Skip to main content

Signed JAR files

1 reply [Last post]
Joined: 2007-02-22

What dictates which JAR files need to be signed in order for an applet to perform a secure operation?

For example, I have an applet that wants to make a network connection to a host other than that from which it was downloaded. The applet is deployed in a JAR file, and has dependencies on code defined in several additional JAR files. All of the JAR files are specified in the "archive" attribute of my tag.

I know I need to sign the JAR file that contains the applet, but I'm not sure which other JAR files need to be signed. Via experimentation, I've verified that they don't all need to be signed, but I don't understand why.

Can anyone provide any insight or point me to documentation that explains in detail how JAR signing works for applets?

Reply viewing options

Select your preferred way to display the comments and click "Save settings" to activate your changes.
Joined: 2008-04-03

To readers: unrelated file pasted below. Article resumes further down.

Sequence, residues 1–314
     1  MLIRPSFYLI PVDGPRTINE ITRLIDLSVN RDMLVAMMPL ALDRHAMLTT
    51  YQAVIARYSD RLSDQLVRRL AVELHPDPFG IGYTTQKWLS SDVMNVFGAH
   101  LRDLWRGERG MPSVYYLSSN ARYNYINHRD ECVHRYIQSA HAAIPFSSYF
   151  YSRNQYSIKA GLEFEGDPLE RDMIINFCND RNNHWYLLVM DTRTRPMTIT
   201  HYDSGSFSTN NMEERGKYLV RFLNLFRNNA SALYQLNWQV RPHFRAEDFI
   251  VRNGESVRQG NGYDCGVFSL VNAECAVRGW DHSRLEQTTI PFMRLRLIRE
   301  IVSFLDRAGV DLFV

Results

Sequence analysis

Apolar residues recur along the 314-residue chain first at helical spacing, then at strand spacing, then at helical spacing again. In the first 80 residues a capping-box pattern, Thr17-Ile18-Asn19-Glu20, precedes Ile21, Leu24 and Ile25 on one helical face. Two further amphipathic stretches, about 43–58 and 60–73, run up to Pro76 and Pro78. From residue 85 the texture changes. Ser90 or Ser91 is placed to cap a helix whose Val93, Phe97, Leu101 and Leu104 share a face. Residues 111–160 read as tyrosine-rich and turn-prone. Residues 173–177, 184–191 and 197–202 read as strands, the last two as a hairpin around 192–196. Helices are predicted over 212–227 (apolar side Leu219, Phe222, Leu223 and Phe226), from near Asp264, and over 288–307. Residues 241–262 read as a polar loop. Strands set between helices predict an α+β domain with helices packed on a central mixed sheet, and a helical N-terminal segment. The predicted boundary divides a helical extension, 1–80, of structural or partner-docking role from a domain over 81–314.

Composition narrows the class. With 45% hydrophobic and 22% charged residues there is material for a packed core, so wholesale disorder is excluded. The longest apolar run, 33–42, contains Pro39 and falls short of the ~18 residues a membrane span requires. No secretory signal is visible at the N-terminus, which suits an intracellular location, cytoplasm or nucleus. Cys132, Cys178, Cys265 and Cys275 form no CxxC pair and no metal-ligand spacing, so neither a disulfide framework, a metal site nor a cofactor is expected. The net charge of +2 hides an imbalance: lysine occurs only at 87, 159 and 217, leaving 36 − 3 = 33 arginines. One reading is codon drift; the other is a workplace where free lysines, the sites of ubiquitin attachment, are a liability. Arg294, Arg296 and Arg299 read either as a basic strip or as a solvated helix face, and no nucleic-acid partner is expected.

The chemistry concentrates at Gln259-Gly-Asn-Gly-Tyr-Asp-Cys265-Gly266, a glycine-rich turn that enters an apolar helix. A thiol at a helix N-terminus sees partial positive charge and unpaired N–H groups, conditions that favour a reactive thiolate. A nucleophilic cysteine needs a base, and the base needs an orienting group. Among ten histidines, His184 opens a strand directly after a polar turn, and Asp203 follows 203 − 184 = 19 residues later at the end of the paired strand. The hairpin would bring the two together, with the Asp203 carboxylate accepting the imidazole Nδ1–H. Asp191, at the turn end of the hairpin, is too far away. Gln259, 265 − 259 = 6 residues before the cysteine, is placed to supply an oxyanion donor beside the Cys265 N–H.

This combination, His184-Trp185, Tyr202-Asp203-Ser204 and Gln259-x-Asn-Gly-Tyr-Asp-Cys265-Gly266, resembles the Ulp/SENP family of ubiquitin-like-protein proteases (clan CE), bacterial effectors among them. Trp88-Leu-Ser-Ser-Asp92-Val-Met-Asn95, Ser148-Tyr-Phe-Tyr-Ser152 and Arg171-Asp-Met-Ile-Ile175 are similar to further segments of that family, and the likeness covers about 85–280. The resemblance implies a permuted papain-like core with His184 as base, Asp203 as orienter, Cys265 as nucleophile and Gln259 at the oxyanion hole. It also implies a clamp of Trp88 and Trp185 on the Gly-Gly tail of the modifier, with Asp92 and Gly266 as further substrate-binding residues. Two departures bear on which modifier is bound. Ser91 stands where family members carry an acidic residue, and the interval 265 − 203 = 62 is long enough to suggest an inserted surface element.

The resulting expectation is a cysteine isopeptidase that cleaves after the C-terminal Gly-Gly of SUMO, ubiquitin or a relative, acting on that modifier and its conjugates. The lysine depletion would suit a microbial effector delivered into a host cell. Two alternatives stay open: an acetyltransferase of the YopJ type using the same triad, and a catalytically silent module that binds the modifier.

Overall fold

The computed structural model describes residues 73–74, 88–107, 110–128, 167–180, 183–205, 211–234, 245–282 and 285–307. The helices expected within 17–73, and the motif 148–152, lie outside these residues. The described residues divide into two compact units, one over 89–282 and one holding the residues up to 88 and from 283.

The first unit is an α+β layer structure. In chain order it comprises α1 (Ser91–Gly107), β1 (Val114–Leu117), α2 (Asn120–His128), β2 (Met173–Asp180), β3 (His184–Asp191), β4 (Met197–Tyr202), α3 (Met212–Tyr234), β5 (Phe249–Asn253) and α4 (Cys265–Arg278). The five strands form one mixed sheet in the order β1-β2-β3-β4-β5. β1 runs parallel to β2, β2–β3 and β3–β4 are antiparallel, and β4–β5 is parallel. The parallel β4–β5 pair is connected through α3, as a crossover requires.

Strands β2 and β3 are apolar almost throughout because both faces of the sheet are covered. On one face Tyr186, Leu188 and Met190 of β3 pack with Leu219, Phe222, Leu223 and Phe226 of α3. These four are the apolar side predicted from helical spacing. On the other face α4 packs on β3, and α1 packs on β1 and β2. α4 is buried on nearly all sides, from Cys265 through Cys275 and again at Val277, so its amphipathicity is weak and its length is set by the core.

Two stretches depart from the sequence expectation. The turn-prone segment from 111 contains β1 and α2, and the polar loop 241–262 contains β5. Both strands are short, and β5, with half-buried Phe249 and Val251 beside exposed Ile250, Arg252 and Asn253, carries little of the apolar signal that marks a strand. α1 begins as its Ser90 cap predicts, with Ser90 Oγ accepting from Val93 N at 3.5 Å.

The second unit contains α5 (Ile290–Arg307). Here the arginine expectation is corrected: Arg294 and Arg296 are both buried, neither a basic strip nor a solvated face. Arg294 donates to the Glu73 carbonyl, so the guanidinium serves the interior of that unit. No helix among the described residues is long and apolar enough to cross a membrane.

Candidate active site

This is all from my understanding and exploration of what happens. The AccessController API docs are a good starting point for detailed docs :)

Any time a Privileged Action is performed, the code initiating that action must be signed.

For example, if unsigned code called a method in signed code that accesses the file system, it will be blocked. If the signed code initiates the action, or wraps the file system code in AccessController.doPrivileged(), it will be fine.

I've also seen unsigned code "taint" signed code. The example was a button in the application that calls JTextPane.paste() just does nothing after unsigned code has called *any* method in the application. Meanwhile ctrl+v works fine.